Real estate inheritor fears hefty federal tax

DEAR BOB: Before my father died this year, he deeded hishouse into his living trust, of which my sister and I are successor trustees.His will stipulates that all his property and assets be divided equally amongsthis four children (me, my sister and two brothers). We are getting the houseready to sell and expect to net more than $400,000. His original purchase pricewas $36,000, with no major improvements since then. Because he was single atthe time of his death, does his estate owe tax on the profit exceeding$250,000? –Randall G.

DEAR RANDALL: No. Unless your late father left a net estateexceeding the current $2 million federal estate-tax exemption, no federalestate tax will be due. The $250,000 principal residence sale tax exemption ofInternal Revenue Code 121 applies only to home sales during the seller’slifetime.

Purchase Bob Bruss reports online.

However, you said your dad’s will leaves his assets to thefour siblings. But his will has nothing to do with his living trust, whichshould specify who receives the living-trust assets after his demise.

Depending on the state law where your dad was a resident,there might be an inheritance tax on the heirs. Fortunately, only a few statesstill have old-fashioned inheritance taxes on heirs, but there are usuallygenerous exemptions for close-relative heirs, such as spouse, children andparents.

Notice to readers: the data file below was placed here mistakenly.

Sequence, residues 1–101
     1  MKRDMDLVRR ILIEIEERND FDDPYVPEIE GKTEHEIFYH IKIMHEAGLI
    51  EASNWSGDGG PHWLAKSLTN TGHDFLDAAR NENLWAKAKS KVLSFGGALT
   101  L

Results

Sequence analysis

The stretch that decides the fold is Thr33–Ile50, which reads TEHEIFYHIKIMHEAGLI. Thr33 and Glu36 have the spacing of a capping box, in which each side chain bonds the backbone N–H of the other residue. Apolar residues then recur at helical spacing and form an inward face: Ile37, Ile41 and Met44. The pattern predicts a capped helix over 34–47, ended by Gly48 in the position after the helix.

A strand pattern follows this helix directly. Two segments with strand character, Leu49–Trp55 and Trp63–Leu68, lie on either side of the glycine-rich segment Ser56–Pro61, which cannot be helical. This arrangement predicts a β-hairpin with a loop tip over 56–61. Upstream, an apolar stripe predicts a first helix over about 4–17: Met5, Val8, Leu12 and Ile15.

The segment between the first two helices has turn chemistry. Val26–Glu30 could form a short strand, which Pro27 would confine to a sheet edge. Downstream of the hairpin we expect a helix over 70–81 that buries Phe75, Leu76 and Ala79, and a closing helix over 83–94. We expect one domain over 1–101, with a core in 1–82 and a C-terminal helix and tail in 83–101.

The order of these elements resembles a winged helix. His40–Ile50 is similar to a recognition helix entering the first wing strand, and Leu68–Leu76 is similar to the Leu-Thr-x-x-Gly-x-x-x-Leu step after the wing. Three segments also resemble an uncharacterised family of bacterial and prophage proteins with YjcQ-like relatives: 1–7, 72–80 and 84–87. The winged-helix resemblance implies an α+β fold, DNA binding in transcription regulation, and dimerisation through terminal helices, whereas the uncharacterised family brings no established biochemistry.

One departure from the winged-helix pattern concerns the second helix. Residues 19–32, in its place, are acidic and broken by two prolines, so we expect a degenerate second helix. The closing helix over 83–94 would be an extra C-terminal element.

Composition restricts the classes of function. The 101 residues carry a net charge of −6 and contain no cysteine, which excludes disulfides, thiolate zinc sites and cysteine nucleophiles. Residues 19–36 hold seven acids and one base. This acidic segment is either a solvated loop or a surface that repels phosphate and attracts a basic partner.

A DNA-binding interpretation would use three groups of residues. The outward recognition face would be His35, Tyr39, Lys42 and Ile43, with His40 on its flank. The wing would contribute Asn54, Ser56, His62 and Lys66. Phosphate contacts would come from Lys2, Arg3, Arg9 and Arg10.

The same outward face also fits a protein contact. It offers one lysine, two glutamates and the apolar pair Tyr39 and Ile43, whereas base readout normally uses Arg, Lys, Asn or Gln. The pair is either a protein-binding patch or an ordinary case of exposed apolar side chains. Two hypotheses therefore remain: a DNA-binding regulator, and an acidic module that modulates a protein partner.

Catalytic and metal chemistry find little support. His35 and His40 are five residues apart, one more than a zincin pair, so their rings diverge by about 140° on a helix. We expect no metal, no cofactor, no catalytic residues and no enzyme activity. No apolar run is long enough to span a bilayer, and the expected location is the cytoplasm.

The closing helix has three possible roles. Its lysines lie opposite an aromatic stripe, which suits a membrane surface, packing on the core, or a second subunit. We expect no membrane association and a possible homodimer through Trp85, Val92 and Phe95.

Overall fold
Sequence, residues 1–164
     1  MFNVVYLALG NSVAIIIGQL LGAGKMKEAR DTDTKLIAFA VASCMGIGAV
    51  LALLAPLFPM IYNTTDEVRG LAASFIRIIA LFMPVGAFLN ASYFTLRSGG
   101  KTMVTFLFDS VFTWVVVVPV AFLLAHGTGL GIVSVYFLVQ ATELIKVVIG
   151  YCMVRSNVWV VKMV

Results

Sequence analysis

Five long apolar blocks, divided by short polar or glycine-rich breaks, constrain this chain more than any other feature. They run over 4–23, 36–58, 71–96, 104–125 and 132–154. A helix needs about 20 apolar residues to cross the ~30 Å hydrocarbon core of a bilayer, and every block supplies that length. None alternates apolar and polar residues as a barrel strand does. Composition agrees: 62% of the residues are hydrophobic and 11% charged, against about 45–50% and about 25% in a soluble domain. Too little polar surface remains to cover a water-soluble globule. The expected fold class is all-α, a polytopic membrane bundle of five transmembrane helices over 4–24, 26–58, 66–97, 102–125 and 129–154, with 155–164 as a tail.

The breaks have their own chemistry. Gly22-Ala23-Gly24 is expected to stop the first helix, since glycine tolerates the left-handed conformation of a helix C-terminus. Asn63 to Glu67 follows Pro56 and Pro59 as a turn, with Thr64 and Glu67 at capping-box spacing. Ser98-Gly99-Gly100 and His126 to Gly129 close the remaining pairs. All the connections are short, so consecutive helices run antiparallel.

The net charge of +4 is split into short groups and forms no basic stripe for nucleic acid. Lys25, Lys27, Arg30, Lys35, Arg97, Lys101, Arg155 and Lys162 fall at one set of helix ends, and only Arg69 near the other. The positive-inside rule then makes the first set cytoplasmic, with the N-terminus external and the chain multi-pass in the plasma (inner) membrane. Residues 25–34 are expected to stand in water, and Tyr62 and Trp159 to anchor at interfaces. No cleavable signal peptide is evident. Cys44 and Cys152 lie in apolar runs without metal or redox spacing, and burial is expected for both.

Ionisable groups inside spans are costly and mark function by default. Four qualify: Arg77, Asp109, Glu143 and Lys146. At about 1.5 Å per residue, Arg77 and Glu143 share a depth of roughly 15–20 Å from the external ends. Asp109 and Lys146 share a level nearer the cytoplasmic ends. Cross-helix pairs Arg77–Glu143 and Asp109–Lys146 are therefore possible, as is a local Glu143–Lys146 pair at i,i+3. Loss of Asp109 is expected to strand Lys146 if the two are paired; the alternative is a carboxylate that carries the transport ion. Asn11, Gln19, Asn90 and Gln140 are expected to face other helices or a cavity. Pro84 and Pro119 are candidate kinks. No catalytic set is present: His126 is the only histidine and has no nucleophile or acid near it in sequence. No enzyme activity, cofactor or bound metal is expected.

Congratulations to your late father for wisely transferringtitle into his living trust so the home can be sold and the proceedsdistributed without any probate court delays or extra costs. For more details,please consult a probate attorney in the state where your father was aresident.


DEAR BOB: My husband and I (ages 73 and 83) have a lot ofequity tied up in our home of 40 years. Because we will probably need money inthe near future for living expenses, I’ve been trying to convince my husband tolook into a reverse mortgage. But he tells me your articles advise notobtaining one unless the homeowners plan to stay in their home at least fiveyears. Therefore, he is reluctant to consider a reverse mortgage because wedon’t need the money yet. My idea is to take out a reverse mortgage now,deposit 25 percent in a liquid account to draw on if needed and invest 75percent in an insured account with high interest. Is this a good plan? –LornaK.